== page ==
For couples about to get married, or those who are moving in together, having an agreement about how you’ll handle finances is critical. Your new love deal is absolutely about financial planning, and being honest and forthright about spending. When one person hides a bad-credit history or a buy-and-hide spending habit, the risk of relationship ruin is high.
To avoid the heartbreak of financial infidelity, here are four tips:
Don’t let money become an emotional battleground. Instead set up systems for making money decisions that respect each other’s desires and values.
Have a pre-deal money conversation. Know whether you’re a spender or saver as well as your risk tolerance level and money management style. Then uncork a bottle of wine and have “the talk.”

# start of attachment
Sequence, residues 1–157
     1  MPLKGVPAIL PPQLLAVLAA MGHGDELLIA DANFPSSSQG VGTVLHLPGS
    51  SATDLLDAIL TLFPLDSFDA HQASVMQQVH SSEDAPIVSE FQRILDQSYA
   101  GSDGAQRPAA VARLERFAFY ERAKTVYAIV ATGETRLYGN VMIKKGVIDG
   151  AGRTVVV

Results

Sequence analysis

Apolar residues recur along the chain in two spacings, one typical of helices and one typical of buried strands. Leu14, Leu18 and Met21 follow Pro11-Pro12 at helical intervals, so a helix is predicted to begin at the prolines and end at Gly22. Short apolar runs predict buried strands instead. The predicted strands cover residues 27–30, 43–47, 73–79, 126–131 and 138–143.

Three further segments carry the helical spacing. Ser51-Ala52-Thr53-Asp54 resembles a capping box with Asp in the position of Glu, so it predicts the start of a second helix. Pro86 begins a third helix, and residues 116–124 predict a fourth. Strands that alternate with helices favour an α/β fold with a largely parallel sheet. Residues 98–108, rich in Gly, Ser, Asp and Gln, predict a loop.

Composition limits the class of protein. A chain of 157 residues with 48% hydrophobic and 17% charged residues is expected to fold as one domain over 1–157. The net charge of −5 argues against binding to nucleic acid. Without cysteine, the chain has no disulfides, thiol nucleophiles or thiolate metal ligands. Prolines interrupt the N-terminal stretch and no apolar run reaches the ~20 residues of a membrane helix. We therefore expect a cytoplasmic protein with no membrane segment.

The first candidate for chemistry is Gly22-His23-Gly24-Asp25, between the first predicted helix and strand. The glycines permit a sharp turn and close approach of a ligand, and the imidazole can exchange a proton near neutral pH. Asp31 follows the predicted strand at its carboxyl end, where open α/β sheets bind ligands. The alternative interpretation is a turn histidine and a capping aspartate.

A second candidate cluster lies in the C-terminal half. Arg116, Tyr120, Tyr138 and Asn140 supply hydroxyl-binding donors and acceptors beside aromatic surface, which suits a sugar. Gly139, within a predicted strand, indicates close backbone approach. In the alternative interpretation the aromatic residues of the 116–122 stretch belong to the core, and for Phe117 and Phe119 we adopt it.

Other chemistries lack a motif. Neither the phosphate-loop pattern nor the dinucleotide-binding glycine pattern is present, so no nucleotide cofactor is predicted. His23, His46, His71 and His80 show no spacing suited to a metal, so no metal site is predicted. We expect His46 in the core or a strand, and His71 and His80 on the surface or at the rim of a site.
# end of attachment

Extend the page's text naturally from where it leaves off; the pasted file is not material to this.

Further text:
Review your assets – full disclosure. Each partner makes and shares a full list of assets, then, as a couple, the partners decide whether to create a legal agreement saying who gets what in the event the relationship ends.
Recognize disagreements are inevitable. That’s why you need a formula for discussion and decision-making on these issues. Conflict can be replaced by compromise. Having an agreement about money – whether it’s sealed with a hug or an actual prenup – is one of the best ways to ensure the success of not only your relationship but also a better financial future.
Gemma Allen is a partner in the Chicago family law firm of Ladden & Allen, Chartered, and the co-author of a book published in 2014, The New Love Deal: Everything you must know before marrying, moving in or moving on! Reach her at firstname.lastname@example.org.